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Radio Free Hawaii

by Will Kreth

It's about a 20 minute drive west from Honolulu on H1, the Kamehameha Highway, to the town of Waipahu, where swaying palm trees and mellow vibes belie the home of one of the most radical commercial radio experiments in the world. KDEO-FM 102.7 is Radio Free Hawaii—where, since the spring of 1991 (minus less than a year hiatus in 1994/1995), listeners have been controlling what they want to hear, 24 hours a day. Voted one of the top five radio stations in the Rolling Stone Readers Poll three times since its founding, RFH flies in the face of decades of tired pop radio formats and monopolistic Arbitron rating systems. Here's how it works: listeners fill out ballots at ballot boxes placed in public locations all over Oahu and a few other islands (or they fill out a ballot on RFH's Web site ) to vote for the top ten songs and artists they want to hear, the top ten songs and artists they don't want to hear, and the song that they think, if played, would become a hit. Listeners can also request new songs to go into the playlist during call-in shows. On top of this, listeners are asked to vote for a song to be "sledgehammered" - that is, taken off the air and never played again. Even artists can be sledgehammered (Vanilla Ice, Milli Vanilli, and Whitney Houston are a few of the artists permanently sledgehammered off the air).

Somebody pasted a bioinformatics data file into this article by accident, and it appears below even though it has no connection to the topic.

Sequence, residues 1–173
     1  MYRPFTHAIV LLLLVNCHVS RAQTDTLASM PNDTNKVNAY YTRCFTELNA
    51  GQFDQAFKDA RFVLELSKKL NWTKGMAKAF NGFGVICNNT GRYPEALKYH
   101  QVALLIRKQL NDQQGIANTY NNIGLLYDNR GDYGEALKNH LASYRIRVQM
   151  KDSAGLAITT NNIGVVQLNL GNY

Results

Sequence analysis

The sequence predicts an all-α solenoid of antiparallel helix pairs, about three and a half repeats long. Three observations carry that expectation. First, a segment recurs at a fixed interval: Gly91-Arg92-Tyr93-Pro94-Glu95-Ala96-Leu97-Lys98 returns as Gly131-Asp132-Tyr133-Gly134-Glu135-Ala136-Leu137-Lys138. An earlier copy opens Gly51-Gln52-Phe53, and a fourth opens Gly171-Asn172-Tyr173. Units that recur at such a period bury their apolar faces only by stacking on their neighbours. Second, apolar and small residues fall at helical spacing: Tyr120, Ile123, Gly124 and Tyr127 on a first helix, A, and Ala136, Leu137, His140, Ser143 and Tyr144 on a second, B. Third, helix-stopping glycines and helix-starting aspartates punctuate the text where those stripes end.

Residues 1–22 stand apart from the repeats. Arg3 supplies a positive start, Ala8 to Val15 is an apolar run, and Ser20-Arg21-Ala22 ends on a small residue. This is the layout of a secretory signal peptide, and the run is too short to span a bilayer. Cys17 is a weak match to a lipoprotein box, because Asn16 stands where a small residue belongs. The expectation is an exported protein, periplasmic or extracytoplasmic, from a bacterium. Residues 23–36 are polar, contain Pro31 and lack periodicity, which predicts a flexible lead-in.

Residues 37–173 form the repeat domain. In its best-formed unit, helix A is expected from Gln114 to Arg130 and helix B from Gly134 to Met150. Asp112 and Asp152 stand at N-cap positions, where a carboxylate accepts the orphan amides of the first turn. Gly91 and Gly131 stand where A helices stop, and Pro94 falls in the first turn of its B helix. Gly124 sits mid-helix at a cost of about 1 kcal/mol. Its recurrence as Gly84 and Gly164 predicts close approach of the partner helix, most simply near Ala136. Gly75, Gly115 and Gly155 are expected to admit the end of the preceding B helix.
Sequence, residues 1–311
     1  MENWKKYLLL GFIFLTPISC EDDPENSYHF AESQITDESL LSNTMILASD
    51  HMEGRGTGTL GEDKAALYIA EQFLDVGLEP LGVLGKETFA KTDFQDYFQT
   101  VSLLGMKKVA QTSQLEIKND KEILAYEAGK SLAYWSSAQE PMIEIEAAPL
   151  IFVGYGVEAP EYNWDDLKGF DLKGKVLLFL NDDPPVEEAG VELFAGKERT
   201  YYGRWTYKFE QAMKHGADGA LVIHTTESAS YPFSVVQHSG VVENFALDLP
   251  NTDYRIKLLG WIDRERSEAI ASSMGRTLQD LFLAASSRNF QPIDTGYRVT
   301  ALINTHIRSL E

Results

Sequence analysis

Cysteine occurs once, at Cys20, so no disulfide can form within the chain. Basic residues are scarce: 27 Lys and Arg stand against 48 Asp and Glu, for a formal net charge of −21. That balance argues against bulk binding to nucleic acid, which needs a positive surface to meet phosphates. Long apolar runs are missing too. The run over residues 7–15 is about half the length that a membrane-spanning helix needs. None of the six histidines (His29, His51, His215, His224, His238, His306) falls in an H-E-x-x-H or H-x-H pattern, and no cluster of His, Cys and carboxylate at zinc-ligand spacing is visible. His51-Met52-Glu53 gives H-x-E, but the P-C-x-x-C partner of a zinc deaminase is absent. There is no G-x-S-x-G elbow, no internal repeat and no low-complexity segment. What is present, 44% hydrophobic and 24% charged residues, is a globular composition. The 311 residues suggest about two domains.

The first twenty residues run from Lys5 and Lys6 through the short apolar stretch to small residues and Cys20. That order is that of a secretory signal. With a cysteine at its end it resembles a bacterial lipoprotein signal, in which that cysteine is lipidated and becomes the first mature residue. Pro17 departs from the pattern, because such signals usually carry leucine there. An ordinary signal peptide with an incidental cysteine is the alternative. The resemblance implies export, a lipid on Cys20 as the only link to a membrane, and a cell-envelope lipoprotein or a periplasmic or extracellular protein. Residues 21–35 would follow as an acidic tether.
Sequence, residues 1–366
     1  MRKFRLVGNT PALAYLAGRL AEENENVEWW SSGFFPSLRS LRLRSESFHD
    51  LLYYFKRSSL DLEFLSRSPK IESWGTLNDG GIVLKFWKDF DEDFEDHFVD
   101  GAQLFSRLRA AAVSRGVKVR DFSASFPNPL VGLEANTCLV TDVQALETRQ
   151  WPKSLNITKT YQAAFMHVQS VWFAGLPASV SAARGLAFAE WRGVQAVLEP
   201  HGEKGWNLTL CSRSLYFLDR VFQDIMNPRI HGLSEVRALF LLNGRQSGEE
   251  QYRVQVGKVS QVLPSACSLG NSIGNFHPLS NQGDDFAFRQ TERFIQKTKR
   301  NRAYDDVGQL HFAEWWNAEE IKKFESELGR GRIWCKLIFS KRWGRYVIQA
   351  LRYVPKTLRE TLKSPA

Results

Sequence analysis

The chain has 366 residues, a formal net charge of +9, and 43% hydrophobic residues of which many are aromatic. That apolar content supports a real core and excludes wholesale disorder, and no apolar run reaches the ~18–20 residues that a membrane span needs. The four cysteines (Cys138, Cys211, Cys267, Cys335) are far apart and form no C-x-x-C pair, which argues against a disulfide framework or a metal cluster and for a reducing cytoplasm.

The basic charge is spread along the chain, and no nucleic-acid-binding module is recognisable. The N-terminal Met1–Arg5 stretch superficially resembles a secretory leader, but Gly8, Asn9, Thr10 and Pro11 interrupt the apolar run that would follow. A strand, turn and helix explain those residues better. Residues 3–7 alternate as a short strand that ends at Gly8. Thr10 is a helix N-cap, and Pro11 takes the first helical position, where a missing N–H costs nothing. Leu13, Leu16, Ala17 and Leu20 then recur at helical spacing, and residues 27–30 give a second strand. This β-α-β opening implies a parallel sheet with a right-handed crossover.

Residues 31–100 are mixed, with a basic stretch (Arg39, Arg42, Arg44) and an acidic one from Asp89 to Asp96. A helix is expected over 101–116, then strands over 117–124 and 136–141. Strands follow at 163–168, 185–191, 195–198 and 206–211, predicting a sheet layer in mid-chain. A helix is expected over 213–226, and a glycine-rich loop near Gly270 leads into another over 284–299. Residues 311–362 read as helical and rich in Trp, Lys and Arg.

On Saturday mornings, the results of the previous weeks' ballots are tabulated to make a new weekly playlist, which becomes part of a seven-hour rotation of songs (most pop radio stations have a two-hour rotation of songs, at best). In the DJ booth counting down the top 36 songs is "Sheriff Norm" Winters, the station manager and local legend from his days as owner of the Jelly's music store chain. RFH is the realization of a dream for Winters, 58, who's been trying to run a radio station since this way since the late 1970s.

Radio Free Hawaii
"[Radio programmers] want to play everything that has been established—to death." grumbles Winters. "I mean, that's the basic philosophy that has been part of radio since time immemorial." Since 1991, the reaction from the local radio community and record labels has been the polar opposite of the enthusiastic listenership. Considered a heretic by the "radio Mafia triangle" of Arbitron, major labels, and "good" stations who play along with the "hit singles" game, RFH was blackballed with low ratings, no advance CDs and a concerted effort to undermine its live concert promotions. The station went off the air in 1994, but came back with an infusion of money in March 1995. With the second strongest signal in the islands, RFH reaches thousands of listeners.

The playlist at RFH is always surprising. While the audience demographic may be 18 to 45, almost all genres are represented by voter selections. Rap, rock, metal, jazz, reggae, r&b, soul, oldies, punk, ska, classical—it's not uncommon to hear all these represented in a standard rotation. Recently, Chopin's "Nocturne in E" was on the playlist, and no one would blink an earlid to hear Nat King Cole next to Voo Doo Glowskulls. "I felt that what was missing from radio was the participation level," adds Winters. "It was obvious that [people] felt that the music they heard was out of their control and was irritating them. So I wanted to construct a system where they could feel like it was their station, where we could get programming from the people as opposed to official programmers."

In the age of interactive, personalized marketing, Winters may well be ahead of his time in bringing radio out of the Old Media dark ages.   </end>

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